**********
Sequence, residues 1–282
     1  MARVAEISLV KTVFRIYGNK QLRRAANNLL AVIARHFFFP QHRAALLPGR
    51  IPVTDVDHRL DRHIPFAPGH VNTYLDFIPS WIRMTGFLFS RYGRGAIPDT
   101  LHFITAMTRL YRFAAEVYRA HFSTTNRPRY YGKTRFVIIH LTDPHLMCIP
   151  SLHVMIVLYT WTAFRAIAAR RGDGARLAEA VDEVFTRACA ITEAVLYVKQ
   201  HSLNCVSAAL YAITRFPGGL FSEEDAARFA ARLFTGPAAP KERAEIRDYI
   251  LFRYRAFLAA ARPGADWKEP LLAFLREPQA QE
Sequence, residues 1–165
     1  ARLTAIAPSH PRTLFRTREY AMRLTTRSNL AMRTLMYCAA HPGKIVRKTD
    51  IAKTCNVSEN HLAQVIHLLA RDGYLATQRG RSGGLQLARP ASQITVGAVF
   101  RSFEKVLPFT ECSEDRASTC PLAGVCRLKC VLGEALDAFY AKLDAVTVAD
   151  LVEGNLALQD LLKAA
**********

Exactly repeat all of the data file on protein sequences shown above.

Sequence, residues 1–282
     1  MARVAEISLV KTVFRIYGNK QLRRAANNLL AVIARHFFFP QHRAALLPGR
    51  IPVTDVDHRL DRHIPFAPGH VNTYLDFIPS WIRMTGFLFS RYGRGAIPDT
   101  LHFITAMTRL YRFAAEVYRA HFSTTNRPRY YGKTRFVIIH LTDPHLMCIP
   151  SLHVMIVLYT WTAFRAIAAR RGDGARLAEA VDEVFTRACA ITEAVLYVKQ
   201  HSLNCVSAAL YAITRFPGGL FSEEDAARFA ARLFTGPAAP KERAEIRDYI
   251  LFRYRAFLAA ARPGADWKEP LLAFLREPQA QE
Sequence, residues 1–165
     1  ARLTAIAPSH PRTLFRTREY AMRLTTRSNL AMRTLMYCAA HPGKIVRKTD
    51  IAKTCNVSEN HLAQVIHLLA RDGYLATQRG RSGGLQLARP ASQITVGAVF
   101  RSFEKVLPFT ECSEDRASTC PLAGVCRLKC VLGEALDAFY AKLDAVTVAD
   151  LVEGNLALQD LLKAA